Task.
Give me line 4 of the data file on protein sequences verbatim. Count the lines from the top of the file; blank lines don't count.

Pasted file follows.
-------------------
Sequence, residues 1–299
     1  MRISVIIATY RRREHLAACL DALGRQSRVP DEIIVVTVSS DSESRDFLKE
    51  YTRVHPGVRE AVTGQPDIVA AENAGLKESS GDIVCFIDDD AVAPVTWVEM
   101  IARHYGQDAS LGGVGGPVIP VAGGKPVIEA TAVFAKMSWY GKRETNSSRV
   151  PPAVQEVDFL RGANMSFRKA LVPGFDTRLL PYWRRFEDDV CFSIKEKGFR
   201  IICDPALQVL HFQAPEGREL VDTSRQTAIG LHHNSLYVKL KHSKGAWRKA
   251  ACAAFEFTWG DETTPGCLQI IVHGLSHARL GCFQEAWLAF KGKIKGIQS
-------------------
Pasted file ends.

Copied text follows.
   101  IARHYGQDAS LGGVGGPVIP VAGGKPVIEA TAVFAKMSWY GKRETNSSRV